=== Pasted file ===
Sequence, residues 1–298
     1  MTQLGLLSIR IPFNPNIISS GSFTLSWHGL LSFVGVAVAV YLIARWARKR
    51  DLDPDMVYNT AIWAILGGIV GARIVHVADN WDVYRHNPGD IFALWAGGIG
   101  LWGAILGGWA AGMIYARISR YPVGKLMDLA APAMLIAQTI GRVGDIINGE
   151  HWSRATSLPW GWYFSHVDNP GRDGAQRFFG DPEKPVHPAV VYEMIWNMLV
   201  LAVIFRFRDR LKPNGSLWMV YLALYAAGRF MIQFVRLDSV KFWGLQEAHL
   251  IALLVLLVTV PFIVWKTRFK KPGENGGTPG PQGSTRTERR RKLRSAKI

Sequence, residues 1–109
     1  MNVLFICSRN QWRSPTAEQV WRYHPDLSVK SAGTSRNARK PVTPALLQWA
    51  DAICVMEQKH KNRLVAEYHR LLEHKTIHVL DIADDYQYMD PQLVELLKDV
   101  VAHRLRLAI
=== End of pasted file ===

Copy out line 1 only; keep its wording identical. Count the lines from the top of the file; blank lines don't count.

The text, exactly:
Sequence, residues 1–298